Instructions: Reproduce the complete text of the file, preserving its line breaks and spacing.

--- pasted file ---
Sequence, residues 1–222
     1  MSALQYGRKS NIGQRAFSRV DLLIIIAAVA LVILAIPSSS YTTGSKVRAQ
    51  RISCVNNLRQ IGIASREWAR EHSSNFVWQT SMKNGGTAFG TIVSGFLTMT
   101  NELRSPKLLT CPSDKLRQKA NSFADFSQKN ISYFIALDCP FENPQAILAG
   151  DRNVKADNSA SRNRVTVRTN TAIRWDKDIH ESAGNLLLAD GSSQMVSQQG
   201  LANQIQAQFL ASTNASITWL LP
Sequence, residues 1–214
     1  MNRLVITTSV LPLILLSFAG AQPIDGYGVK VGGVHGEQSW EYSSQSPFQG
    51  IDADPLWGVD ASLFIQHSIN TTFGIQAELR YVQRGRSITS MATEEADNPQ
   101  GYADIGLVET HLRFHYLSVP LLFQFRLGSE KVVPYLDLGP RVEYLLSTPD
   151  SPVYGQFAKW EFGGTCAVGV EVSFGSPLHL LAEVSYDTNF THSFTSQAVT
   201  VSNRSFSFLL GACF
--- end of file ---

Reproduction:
Sequence, residues 1–222
     1  MSALQYGRKS NIGQRAFSRV DLLIIIAAVA LVILAIPSSS YTTGSKVRAQ
    51  RISCVNNLRQ IGIASREWAR EHSSNFVWQT SMKNGGTAFG TIVSGFLTMT
   101  NELRSPKLLT CPSDKLRQKA NSFADFSQKN ISYFIALDCP FENPQAILAG
   151  DRNVKADNSA SRNRVTVRTN TAIRWDKDIH ESAGNLLLAD GSSQMVSQQG
   201  LANQIQAQFL ASTNASITWL LP
Sequence, residues 1–214
     1  MNRLVITTSV LPLILLSFAG AQPIDGYGVK VGGVHGEQSW EYSSQSPFQG
    51  IDADPLWGVD ASLFIQHSIN TTFGIQAELR YVQRGRSITS MATEEADNPQ
   101  GYADIGLVET HLRFHYLSVP LLFQFRLGSE KVVPYLDLGP RVEYLLSTPD
   151  SPVYGQFAKW EFGGTCAVGV EVSFGSPLHL LAEVSYDTNF THSFTSQAVT
   201  VSNRSFSFLL GACF